Previously On: The Flash, Season 3

We’ve had three episodes of season three of The Flash so far on the CW, and this is a quick catch-up before episode 4, “The New Rogues,” that airs this Tuesday at 8 PM.

With last year’s cliffhanger, we knew we’d be in for something different. We know the consequences of going back in time. And this is exactly how we enter “Flashpoint.”

Those familiar with the comics know how far-reaching the effects of Flashpoint can be. What we’ve received is a much smaller, more intimate look. We open with the refresher of the finale’s penultimate event, Barry Allen (Grant Gustin) preventing his mother’s death. Then we discover the differences and similarities of this new world. Thankfully, this isn’t the first time we’ve visited alternate realities on The Flash, so we know to be patient.

Barry got what he wanted: both parents alive and well. Things seem great, and Wally West (Keiynan Lonsdale) is the Kid Flash, so Barry doesn’t need to fight crime. But Iris (Candice Patton) is practically a stranger, Joe (Jesse L. Martin) hates his job, and the Rival (Todd Lasance), a new speedster, is more than a match for Wally. At least Eobard Thawne (Matt Letscher) is locked away in a special cell, although he warns Barry of the dire consequences of his actions.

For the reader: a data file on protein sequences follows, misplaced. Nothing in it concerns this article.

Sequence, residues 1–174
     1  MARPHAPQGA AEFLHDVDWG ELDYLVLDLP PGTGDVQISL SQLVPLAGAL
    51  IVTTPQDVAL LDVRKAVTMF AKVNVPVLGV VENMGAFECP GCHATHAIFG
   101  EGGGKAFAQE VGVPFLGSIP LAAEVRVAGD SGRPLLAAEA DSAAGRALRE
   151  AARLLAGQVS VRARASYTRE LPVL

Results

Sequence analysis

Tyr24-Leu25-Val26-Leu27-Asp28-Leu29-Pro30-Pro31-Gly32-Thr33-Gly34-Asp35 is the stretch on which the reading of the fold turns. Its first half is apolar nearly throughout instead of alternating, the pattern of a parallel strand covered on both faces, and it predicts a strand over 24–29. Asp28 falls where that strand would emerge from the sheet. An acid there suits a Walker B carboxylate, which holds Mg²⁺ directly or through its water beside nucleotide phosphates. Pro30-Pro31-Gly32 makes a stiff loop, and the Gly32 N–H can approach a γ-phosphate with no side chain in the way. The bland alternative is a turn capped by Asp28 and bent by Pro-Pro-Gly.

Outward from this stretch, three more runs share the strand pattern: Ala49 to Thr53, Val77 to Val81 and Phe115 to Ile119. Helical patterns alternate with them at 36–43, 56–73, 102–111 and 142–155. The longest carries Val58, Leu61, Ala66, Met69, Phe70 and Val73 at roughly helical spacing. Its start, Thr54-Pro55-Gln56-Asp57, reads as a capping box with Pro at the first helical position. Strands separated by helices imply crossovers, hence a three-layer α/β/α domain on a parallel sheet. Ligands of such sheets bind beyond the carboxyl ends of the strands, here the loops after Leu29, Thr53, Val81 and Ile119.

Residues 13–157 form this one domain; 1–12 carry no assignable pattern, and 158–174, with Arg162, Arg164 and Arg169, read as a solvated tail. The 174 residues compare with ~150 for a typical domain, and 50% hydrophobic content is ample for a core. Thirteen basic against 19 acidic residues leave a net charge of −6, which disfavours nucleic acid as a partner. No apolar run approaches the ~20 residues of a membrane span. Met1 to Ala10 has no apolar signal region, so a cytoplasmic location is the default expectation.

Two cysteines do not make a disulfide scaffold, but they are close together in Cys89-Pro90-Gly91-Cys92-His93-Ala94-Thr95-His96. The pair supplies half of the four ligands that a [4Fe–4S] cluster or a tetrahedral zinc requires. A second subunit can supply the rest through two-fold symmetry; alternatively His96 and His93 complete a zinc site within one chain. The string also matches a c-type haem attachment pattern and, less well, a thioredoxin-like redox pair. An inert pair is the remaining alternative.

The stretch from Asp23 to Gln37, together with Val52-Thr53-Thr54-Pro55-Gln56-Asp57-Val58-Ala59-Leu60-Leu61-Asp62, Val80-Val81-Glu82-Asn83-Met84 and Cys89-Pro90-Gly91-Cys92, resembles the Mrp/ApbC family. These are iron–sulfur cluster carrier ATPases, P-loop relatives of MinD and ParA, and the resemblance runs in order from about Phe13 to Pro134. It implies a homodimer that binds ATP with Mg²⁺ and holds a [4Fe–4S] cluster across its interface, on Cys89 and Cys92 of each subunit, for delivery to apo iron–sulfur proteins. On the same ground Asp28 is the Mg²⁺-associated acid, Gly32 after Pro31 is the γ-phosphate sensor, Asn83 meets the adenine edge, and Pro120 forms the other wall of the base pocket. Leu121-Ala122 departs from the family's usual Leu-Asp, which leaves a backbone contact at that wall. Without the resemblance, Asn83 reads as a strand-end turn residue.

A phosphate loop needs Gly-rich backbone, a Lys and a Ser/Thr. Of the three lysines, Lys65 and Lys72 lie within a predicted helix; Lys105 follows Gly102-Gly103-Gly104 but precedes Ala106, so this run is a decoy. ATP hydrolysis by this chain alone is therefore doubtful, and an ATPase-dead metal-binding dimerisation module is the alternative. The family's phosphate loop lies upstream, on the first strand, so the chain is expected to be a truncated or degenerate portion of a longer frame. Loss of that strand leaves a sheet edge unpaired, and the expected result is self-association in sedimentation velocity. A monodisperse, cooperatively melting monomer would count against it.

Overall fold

We see Barry try to get the old team back together, with mixed results. We also get the next snag in the story: Barry’s disappearing memories, as a result of staying in this timeline. Determined to not let go of his newfound happiness, he tries to help Wally defeat the Rival. But of course, things don’t go as planned, and Barry has to make things right, by once again letting Eobard kill his mother.

Back in the restored timeline, Barry’s prepared to go back to life as normal, but soon finds that it’s not quite right, starting with the rift between Iris and Joe. We also see the man who was the Rival in the other universe get a chilling vision.

It was an interesting way to start a season, cramming three months of alternate universe into one episode. Where do we go from there? And please don’t tell me I wasn’t the only one who caught how Thawne said that things were back to how they should be, for him. This is definitely not the last we’ve seen of the Reverse Flash.


Episode two, “Paradox,” has Barry visiting the Arrow’s universe, and chatting with Felicity Smoak (Emily Bett Rickards). He discovers that his time traveling has also affected their reality, although in smaller ways.